Thai youngsters rescued from flooded caves meet the media

Syndicate Post image
The team with their coach, Ake Ekkapol Janthawong (AP)

Twelve boys and their football coach who were rescued from a cave in northern Thailand have spoken to journalists from around the world after their dramatic rescue.

Looking healthy after their 18-day ordeal, the boys recounted the moment they were first found by British divers helping the rescue effort in the Tham Luang caves in Chiang Rai province.

The Wild Boars team entered the news conference to applause from reporters and classmates and put on a quick demonstration of their skills on a miniature football field set up in the hall where they met the media in Chiang Rai.

A relative of the team
Banphot Konkum, the uncle of Duangpetch Promthep, weeps ahead of the team being unveiled (AP)

They then hugged their friends before taking seats up front with doctors and members of the Thai navy SEAL unit who dived to help bring them out, along with others who helped them during their ordeal.

Doctors said the 13 were healthy in body and mind.

They added that the boys had gained around 6.6lbs on average since they were rescued from the cave, having lost an average of 9lbs during 18 days trapped in the cave.

The news conference was the first opportunity the members of the team had to speak directly to the media, though video of them was released previously. Officials reviewed questions in advance to make certain none might cause damaging psychological effects.

British rescue divers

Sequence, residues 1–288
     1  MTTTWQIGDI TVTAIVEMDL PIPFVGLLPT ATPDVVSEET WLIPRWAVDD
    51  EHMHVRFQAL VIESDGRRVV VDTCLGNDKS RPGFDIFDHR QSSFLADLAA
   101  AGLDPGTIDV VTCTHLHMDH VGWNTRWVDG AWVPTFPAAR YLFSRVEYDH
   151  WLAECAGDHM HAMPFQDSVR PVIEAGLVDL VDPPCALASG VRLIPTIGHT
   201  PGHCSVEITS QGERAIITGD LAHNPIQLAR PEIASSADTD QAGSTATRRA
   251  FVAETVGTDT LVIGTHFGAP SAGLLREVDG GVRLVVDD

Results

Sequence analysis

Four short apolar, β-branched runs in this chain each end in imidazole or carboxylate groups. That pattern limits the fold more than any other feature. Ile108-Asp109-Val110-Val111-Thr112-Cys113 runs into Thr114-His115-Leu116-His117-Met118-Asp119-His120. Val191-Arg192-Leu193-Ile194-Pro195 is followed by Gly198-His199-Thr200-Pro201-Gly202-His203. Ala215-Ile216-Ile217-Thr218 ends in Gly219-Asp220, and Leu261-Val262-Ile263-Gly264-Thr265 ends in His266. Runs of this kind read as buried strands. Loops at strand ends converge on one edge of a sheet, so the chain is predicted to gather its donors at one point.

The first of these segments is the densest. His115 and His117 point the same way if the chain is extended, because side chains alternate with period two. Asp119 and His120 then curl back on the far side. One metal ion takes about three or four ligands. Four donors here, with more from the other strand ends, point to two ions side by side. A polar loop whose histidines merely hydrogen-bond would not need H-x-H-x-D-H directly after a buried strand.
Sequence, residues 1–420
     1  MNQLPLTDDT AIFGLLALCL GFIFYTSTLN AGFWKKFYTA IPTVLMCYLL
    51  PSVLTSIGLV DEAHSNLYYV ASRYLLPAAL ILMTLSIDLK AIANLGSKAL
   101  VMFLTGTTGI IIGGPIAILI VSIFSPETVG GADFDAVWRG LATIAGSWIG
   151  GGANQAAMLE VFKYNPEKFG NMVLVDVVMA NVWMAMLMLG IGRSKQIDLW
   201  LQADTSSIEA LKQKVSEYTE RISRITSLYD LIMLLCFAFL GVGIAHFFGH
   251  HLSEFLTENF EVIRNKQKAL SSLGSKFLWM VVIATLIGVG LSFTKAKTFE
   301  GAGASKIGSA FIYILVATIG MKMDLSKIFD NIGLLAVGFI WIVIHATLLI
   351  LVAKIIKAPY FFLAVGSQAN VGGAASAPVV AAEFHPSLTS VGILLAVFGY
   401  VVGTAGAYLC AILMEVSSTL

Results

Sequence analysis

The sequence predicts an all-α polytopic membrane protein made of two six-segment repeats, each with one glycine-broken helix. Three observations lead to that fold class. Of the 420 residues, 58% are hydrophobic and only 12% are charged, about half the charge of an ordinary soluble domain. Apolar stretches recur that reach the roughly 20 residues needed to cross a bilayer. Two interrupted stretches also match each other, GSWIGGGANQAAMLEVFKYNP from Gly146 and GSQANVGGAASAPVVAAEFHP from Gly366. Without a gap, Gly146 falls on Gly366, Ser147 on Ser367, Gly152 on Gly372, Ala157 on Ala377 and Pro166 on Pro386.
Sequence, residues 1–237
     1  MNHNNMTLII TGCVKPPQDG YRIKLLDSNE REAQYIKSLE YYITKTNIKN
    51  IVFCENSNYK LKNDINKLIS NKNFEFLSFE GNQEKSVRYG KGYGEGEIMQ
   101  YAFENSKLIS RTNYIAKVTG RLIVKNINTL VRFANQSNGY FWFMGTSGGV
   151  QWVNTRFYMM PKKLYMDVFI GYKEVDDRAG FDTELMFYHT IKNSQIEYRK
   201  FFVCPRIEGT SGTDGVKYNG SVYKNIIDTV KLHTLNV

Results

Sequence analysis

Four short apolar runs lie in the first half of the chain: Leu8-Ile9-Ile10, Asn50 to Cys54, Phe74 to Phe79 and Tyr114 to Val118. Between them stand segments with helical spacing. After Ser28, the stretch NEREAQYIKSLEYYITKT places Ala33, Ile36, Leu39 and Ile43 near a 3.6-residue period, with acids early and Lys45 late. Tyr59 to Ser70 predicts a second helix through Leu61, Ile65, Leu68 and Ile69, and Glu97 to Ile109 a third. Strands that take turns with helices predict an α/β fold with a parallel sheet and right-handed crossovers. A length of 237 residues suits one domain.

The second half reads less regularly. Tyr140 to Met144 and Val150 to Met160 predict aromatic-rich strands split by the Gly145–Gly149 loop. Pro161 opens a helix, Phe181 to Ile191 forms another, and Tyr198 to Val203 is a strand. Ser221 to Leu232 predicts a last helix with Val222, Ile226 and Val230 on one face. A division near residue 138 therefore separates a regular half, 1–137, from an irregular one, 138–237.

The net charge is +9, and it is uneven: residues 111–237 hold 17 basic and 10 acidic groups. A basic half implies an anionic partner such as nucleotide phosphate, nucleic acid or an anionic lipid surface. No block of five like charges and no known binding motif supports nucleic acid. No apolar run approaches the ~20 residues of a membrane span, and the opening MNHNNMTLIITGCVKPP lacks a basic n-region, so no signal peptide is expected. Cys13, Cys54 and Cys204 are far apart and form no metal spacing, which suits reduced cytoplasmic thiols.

British divers who were instrumental in the cave rescue (Steve Parsons/PA)

They were asked about the moment when two British cave divers first found them and also the circumstances of how they entered the cave and became trapped there.

The Wild Boars team had entered the Tham Luang cave on June 23 for what was to be a relaxing excursion after football practice. Heavy rain began falling while they were underground, and water filled the caverns, cutting off their escape.

British divers found the group huddling on a spot of dry ground deep inside the cave nearly 10 days later, hungry but generally healthy.

An international team of rescuers using diving equipment and pulleys extracted the 12 boys, who range in age from 11 to 16, and their 25-year-old coach through the tight, flooded passageways over three days, concluding on July 10.

Rescued Thai footballers
The boys and their coach were treated at a hospital in Chiang Rai (AP)

Some of the boys were treated for minor infections during their hospital stay, but all 13 have been described as recovering well.

The family of one of the boys is preparing their home for his return on Wednesday night.

Banphot Konkum, an uncle who has raised 13-year-old Duangpetch Promthep, said he will have a renovated bedroom and gifts awaiting him.

“We’ll do whatever he wants. If he wants anything we’ll buy it for him as a present as we promised that when he gets out, whatever he wants we’ll do it for him,” Mr Banphot said.